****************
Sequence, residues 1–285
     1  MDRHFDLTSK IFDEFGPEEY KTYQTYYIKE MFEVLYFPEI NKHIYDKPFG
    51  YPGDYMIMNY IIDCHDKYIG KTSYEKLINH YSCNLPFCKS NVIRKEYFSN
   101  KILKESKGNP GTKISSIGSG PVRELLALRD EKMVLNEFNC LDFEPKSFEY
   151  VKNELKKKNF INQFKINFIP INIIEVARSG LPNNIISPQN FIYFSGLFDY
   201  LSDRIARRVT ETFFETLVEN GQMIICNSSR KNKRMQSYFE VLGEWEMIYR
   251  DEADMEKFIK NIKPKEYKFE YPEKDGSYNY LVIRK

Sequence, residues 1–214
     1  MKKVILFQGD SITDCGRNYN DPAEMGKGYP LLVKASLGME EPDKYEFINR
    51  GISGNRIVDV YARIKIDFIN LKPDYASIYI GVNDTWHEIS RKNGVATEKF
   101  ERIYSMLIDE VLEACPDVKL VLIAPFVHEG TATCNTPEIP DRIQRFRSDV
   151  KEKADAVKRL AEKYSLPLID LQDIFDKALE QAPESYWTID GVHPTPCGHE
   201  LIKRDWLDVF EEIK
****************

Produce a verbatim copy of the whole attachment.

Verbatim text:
Sequence, residues 1–285
     1  MDRHFDLTSK IFDEFGPEEY KTYQTYYIKE MFEVLYFPEI NKHIYDKPFG
    51  YPGDYMIMNY IIDCHDKYIG KTSYEKLINH YSCNLPFCKS NVIRKEYFSN
   101  KILKESKGNP GTKISSIGSG PVRELLALRD EKMVLNEFNC LDFEPKSFEY
   151  VKNELKKKNF INQFKINFIP INIIEVARSG LPNNIISPQN FIYFSGLFDY
   201  LSDRIARRVT ETFFETLVEN GQMIICNSSR KNKRMQSYFE VLGEWEMIYR
   251  DEADMEKFIK NIKPKEYKFE YPEKDGSYNY LVIRK

Sequence, residues 1–214
     1  MKKVILFQGD SITDCGRNYN DPAEMGKGYP LLVKASLGME EPDKYEFINR
    51  GISGNRIVDV YARIKIDFIN LKPDYASIYI GVNDTWHEIS RKNGVATEKF
   101  ERIYSMLIDE VLEACPDVKL VLIAPFVHEG TATCNTPEIP DRIQRFRSDV
   151  KEKADAVKRL AEKYSLPLID LQDIFDKALE QAPESYWTID GVHPTPCGHE
   201  LIKRDWLDVF EEIK